ICD-10-CM Code T46.3X1

Poisoning by coronary vasodilators, accidental (unintentional)

Version 2020 Replaced Code Non-Billable Code Poisoning Accidental

Not Valid for Submission

T46.3X1 is a "header" nonspecific and non-billable code code, consider using a code with a higher level of specificity for a diagnosis of poisoning by coronary vasodilators, accidental (unintentional). The code is NOT valid for the year 2020 for the submission of HIPAA-covered transactions. The ICD-10-CM code T46.3X1 might also be used to specify conditions or terms like accidental antihypertensive overdose, accidental dipyridamole overdose, accidental dipyridamole poisoning, accidental nitrate poisoning, accidental nitrite poisoning, dipyridamole overdose, etc

ICD-10:T46.3X1
Short Description:Poisoning by coronary vasodilators, accidental
Long Description:Poisoning by coronary vasodilators, accidental (unintentional)

Consider the following ICD-10 codes with a higher level of specificity:

Replaced Code

This code was replaced in the 2020 ICD-10 code set with the code(s) listed below. The National Center for Health Statistics (NCHS) has published an update to the ICD-10-CM diagnosis codes which became effective October 1, 2019. This code was replaced for the FY 2020 (October 1, 2019 - September 30, 2020).

  • K59.03 - Drug induced constipation

Tabular List of Diseases and Injuries

The Tabular List of Diseases and Injuries is a list of ICD-10 codes, organized "head to toe" into chapters and sections with guidance for inclusions, exclusions, descriptions and more. The following references are applicable to the code T46.3X1:

Inclusion Terms

Inclusion Terms
These terms are the conditions for which that code is to be used. The terms may be synonyms of the code title, or, in the case of "other specified" codes, the terms are a list of the various conditions assigned to that code. The inclusion terms are not necessarily exhaustive. Additional terms found only in the Alphabetic Index may also be assigned to a code.
  • Poisoning by coronary vasodilators NOS

Synonyms

The following clinical terms are approximate synonyms or lay terms that might be used to identify the correct diagnosis code:

  • Accidental antihypertensive overdose
  • Accidental dipyridamole overdose
  • Accidental dipyridamole poisoning
  • Accidental nitrate poisoning
  • Accidental nitrite poisoning
  • Dipyridamole overdose
  • Drug-induced methemoglobinemia
  • Glyceryl trinitrate overdose
  • Isosorbide dinitrate overdose
  • Isosorbide mononitrate overdose
  • Methemoglobinemia due to nitrate poisoning
  • Nitrate overdose
  • Poisoning by coronary vasodilator
  • Poisoning by dipyridamole
  • Poisoning by nitrate vasodilator
  • Poisoning by nitrite
  • Poisoning by nitroglycerin

Code Classification

  • Injury, poisoning and certain other consequences of external causes (S00–T98)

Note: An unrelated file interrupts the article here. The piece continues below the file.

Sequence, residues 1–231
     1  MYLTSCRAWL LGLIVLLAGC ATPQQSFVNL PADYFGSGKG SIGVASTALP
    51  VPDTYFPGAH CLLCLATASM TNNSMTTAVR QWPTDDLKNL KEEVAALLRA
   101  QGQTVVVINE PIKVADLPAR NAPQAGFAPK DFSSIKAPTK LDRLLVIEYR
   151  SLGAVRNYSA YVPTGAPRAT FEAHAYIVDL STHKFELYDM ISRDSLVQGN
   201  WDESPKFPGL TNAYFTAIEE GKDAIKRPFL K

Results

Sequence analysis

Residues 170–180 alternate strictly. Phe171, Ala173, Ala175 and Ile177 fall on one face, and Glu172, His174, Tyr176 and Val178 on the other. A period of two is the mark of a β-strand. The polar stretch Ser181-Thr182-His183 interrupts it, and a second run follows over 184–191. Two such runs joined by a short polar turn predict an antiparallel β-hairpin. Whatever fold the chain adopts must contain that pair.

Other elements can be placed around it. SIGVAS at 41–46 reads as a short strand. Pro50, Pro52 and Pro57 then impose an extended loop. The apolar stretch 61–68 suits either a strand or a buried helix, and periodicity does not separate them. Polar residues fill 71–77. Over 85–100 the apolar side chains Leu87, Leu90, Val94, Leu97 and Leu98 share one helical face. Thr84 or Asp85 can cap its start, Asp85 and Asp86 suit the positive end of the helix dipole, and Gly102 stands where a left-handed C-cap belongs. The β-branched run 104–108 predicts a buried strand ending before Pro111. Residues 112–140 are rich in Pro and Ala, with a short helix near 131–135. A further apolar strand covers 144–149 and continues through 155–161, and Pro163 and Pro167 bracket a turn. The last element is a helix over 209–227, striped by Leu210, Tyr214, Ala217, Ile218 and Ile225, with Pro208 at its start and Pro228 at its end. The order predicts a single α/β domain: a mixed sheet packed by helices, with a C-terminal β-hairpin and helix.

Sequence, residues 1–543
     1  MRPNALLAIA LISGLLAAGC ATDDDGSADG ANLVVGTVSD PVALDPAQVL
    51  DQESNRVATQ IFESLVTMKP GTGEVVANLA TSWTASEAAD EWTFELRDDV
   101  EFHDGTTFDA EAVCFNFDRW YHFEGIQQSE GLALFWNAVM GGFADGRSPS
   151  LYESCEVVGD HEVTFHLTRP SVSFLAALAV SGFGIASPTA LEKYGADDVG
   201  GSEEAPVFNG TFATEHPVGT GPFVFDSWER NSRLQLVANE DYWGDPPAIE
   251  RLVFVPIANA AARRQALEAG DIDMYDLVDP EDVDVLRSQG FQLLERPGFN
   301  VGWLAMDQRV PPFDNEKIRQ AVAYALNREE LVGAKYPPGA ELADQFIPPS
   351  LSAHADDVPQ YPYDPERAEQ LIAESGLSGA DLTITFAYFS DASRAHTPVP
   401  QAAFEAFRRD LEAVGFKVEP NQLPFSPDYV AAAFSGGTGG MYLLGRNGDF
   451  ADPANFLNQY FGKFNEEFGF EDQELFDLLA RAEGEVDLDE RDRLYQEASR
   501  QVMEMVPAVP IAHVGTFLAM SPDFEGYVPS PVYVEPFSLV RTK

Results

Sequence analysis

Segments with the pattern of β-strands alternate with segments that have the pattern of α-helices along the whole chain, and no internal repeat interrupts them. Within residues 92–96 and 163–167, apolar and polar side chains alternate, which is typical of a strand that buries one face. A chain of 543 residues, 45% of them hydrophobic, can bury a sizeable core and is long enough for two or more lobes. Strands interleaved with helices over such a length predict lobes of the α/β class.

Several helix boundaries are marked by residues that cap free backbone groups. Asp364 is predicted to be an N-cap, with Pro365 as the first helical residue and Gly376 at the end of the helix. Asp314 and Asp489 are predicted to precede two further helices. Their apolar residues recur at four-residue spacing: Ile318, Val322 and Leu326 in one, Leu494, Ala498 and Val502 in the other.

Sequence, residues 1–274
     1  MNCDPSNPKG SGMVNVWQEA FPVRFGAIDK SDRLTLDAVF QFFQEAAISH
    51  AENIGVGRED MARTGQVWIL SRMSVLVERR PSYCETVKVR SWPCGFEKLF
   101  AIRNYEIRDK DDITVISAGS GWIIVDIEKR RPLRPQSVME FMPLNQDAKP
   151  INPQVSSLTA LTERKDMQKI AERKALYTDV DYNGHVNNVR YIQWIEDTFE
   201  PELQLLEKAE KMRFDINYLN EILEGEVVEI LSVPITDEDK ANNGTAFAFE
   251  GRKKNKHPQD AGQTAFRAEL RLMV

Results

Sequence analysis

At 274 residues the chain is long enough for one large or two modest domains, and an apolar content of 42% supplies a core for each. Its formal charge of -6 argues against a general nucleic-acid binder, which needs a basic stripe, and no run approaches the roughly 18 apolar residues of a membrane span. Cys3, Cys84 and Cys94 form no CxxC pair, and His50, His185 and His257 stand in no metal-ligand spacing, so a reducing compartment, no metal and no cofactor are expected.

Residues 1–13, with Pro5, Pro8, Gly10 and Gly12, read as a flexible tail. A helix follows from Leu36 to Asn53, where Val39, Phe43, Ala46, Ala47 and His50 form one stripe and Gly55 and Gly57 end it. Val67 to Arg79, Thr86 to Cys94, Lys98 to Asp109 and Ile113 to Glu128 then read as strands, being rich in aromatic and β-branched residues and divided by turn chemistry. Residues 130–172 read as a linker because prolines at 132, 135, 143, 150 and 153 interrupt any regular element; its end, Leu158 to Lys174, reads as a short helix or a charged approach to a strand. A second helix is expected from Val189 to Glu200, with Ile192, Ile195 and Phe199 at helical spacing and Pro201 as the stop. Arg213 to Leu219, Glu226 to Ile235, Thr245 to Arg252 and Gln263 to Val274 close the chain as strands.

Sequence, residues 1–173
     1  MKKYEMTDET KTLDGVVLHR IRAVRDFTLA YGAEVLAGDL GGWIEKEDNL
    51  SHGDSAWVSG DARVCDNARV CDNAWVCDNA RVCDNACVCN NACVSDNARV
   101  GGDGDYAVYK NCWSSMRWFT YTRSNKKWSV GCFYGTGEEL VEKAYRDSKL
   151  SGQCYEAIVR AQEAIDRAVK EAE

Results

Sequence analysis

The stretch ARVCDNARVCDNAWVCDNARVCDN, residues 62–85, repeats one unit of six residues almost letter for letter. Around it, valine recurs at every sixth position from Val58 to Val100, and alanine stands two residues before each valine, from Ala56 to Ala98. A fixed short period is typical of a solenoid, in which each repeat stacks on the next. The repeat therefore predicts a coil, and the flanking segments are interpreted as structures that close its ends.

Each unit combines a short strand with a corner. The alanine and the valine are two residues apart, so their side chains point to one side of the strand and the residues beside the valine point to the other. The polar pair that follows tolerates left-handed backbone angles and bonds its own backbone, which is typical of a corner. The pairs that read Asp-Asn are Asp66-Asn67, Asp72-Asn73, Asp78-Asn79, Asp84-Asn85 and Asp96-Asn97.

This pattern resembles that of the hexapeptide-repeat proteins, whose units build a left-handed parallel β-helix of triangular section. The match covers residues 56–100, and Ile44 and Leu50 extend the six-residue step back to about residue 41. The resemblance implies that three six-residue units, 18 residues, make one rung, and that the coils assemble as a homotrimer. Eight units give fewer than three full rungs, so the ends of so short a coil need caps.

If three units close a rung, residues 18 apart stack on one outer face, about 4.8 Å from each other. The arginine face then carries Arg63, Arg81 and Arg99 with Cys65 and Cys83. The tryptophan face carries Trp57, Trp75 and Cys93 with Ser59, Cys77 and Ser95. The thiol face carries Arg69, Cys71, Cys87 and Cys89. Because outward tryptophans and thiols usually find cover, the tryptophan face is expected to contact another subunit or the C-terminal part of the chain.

• Poisoning by, adverse effect of and underdosing of drugs, medicaments and biological substances (T36-T50)
      • Agents primarily affecting the cardiovascular system (T46)

Code History

  • FY 2016 - New Code, effective from 10/1/2015 through 9/30/2016
    (First year ICD-10-CM implemented into the HIPAA code set)
  • FY 2017 - No Change, effective from 10/1/2016 through 9/30/2017
  • FY 2018 - No Change, effective from 10/1/2017 through 9/30/2018
  • FY 2019 - No Change, effective from 10/1/2018 through 9/30/2019
  • FY 2020 - No Change, effective from 10/1/2019 through 9/30/2020

Table of Drugs and Chemicals

The code T46.3X1 is included in the Table of Drugs and Chemicals, this table contains a classification of drugs, industrial solvents, corrosive gases, noxious plants, pesticides, and other toxic agents. Each substance in the table is assigned a code according to the poisoning classification and external causes of adverse effects. Use as many codes as necessary to describe all reported drugs, medicinal or chemical substances.

Substance Poisoning
Accidental
(unintentional)
Poisoning
Accidental
self-harm
Poisoning
Assault
Poisoning
Undetermined
Adverse
effect
Underdosing
AmikhellineT46.3X1T46.3X2T46.3X3T46.3X4T46.3X5T46.3X6
BendazolT46.3X1T46.3X2T46.3X3T46.3X4T46.3X5T46.3X6
BenziodaroneT46.3X1T46.3X2T46.3X3T46.3X4T46.3X5T46.3X6
CarbocromenT46.3X1T46.3X2T46.3X3T46.3X4T46.3X5T46.3X6
ChromonarT46.3X1T46.3X2T46.3X3T46.3X4T46.3X5T46.3X6
Coronary vasodilator NECT46.3X1T46.3X2T46.3X3T46.3X4T46.3X5T46.3X6
CromonarT46.3X1T46.3X2T46.3X3T46.3X4T46.3X5T46.3X6
DiisopropylamineT46.3X1T46.3X2T46.3X3T46.3X4T46.3X5T46.3X6
DilazepT46.3X1T46.3X2T46.3X3T46.3X4T46.3X5T46.3X6
DimoxylineT46.3X1T46.3X2T46.3X3T46.3X4T46.3X5T46.3X6
DioxylineT46.3X1T46.3X2T46.3X3T46.3X4T46.3X5T46.3X6
DipyridamoleT46.3X1T46.3X2T46.3X3T46.3X4T46.3X5T46.3X6